Real-World Scripting: Creating the New


Writing and maintaining scripts typically involves nine steps:

  1. Gather the requirements for the script.
  2. Write the pseudocode. Pseudocoding is the process of writing, in sentence form, the tasks you want the script to accomplish.
  3. Determine the scripting language based on the requirements and pseudocoding.
  4. Write the code.
  5. Test the code, ensuring it works correctly and meets the requirements.
  6. Document changes and enhancements you want to make on the next version of the script (i.e., your wish list). Also document any requests for enhancements from managers, other systems administrators, and end users of the script's output. Add the changes and enhancements as comments in the script or in a readme.txt file that you keep with the script.
  7. Determine whether the script has become obsolete in its current form. If it's obsolete, go to step 8; if it's not obsolete, return to step 6 and continue documenting changes and enhancements.
  8. Develop a decision matrix that will help you determine whether you need to rewrite the script or write a new one.
  9. Decide to rewrite or write anew, returning to step 1 to begin the process again.

In the article "Developing a Server Failure Notification System" (July and August 1999), I created a server failure notification script called ServerTester.bat and completed steps 1 through 5 in the process. Then, in the Real-World Scripting column last month, I created a requirements and enhancements matrix for the script based on managers', administrators', and end users' feedback. This matrix helped me determine that I needed to write a new script. Thus, last month, I completed steps 6 through 9 for the old script ServerTester.bat. Now I'm ready to begin at step 1 for the new script

Because I created the requirements and enhancements matrix, I've already completed the tasks of determining the requirements (step 1) and the scripting language (step 3) for Now, I need to write the pseudocode.

When most scriptwriters start out, they tend to skip pseudocoding. However, skipping this step isn't a good idea because scriptwriters are language translators. They translate a task from their native tongue (a language they're very familiar with) into a "foreign" language (a language they're typically less familiar with). Pseudocoding helps with that translation by identifying the elements needed to accomplish the tasks and by clarifying the script's flow. Table 1 shows an example of how to translate pseudocode into Perl. (For more information about pseudocoding, see my two-part article "Getting Started in NT Shell Scripting," March and April 2000.)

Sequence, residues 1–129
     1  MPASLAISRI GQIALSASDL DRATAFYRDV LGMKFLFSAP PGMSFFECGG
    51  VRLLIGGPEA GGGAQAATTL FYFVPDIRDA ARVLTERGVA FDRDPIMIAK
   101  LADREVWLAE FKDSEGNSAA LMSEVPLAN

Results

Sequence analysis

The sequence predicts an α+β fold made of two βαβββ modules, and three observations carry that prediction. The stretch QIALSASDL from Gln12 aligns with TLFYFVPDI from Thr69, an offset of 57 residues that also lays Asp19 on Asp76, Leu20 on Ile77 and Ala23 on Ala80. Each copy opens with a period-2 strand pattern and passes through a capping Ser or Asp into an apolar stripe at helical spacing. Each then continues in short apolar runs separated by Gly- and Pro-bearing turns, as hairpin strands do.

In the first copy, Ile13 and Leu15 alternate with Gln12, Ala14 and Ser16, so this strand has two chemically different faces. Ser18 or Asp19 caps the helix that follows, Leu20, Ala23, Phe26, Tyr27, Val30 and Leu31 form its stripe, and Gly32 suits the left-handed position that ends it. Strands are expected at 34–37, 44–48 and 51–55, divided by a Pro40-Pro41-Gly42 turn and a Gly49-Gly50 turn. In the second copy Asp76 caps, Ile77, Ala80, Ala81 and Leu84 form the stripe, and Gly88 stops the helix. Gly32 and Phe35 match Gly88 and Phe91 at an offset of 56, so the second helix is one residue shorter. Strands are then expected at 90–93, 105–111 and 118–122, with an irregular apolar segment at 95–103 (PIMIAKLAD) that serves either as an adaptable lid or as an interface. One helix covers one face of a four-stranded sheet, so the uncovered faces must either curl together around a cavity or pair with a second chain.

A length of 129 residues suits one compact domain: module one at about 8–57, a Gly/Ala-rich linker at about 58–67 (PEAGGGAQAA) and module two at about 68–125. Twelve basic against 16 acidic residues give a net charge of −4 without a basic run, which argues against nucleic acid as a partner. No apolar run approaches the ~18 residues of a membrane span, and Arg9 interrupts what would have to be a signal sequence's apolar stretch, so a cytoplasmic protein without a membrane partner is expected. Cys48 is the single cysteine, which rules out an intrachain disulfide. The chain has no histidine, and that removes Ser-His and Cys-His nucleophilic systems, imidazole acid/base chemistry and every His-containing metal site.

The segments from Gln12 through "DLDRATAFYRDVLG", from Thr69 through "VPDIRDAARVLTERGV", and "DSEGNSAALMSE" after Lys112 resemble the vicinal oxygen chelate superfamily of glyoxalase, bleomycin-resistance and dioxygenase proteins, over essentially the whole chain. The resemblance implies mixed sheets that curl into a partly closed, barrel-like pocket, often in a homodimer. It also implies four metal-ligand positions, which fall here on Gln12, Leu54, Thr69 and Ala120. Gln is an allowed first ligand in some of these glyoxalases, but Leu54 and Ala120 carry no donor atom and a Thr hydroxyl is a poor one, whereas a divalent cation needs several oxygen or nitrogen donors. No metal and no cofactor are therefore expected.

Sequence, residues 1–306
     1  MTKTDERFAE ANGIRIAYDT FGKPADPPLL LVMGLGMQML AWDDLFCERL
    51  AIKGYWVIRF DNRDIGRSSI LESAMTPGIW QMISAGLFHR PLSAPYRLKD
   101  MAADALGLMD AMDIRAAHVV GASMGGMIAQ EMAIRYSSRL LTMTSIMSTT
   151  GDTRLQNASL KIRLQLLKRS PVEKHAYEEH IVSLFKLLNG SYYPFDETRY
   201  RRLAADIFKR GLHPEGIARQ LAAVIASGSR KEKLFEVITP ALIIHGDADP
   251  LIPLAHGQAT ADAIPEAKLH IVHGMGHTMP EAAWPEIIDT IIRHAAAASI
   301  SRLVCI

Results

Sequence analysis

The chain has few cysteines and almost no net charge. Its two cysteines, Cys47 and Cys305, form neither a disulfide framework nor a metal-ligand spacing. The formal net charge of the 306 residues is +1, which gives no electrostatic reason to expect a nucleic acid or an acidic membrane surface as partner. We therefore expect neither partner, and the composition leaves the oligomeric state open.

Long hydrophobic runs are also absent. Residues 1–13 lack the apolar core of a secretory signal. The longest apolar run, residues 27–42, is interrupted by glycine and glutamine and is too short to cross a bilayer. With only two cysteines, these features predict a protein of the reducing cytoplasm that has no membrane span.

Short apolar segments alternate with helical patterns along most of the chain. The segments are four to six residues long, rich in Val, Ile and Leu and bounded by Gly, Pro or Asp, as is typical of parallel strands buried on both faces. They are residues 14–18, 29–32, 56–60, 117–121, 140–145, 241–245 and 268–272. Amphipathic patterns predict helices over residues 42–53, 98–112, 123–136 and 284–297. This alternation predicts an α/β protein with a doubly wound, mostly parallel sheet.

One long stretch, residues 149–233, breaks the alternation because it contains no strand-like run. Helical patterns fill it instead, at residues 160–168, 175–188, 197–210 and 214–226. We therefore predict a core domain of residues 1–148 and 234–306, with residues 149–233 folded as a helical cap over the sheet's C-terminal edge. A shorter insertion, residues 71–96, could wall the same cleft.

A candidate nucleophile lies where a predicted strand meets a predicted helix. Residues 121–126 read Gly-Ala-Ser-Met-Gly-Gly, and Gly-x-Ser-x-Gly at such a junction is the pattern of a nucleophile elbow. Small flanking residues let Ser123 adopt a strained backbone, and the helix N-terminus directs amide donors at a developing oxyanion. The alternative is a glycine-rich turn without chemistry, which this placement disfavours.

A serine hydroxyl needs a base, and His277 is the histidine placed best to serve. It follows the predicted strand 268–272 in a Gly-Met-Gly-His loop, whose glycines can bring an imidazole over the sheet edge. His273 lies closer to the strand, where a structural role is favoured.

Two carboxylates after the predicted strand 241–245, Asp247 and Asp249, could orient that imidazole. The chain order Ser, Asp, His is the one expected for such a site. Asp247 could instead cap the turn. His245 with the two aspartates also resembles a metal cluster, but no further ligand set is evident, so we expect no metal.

With the translation completed, I can write and test the script (steps 4 and 5). Listing 1 contains an excerpt from that shows the TestObjects.txt parsing subroutine. This subroutine is the result of the pseudocode-to-Perl translation in Table 1.

At this point, I'm ready to use the script in production mode and start documenting my wish list and everyone else's feedback (step 6). If you want to adapt for your system, you can find it in the Code Library on the Win32 Scripting Journal Web site ( Comments in the script will help you understand the code. Here are the steps to get the script working:

  1. Enter all the objects you want to test in the input file TestObjects.txt. Put one object per line. In the Code Library on the Win32 Scripting Journal Web site, you'll find an example of TestObjects.txt. This file includes headers that contain syntax notes and serve as logical dividers between the different object types. is set up to ignore these headers, so you can include them in your input file if you want to.
  2. Enter the pager recipients in the input file OnCallList.txt. Separate multiple weekday or weekend pager recipients with semicolons. The Code Library on the Win32 Scripting Journal Web site contains an example of OnCallList.txt.
  3. In, enter the name of the SMTP server that will handle the email messages to your paging-service vendor. In the line

    replace with your vendor's address.

  4. In, enter where you want the script to create and append the output file FailureLog.txt. In the line

    replace D:\\ScheduledScripts\\ServerTester with your file's path. The Code Library on the Win32 Scripting Journal Web site contains an example of FailureLog.txt.

  5. In, enter where you're placing TestObjects.txt and OnCallList.txt. The line you need to customize is

After you test in your environment, you can use it in production mode. Then, you can begin preparing your wish list.

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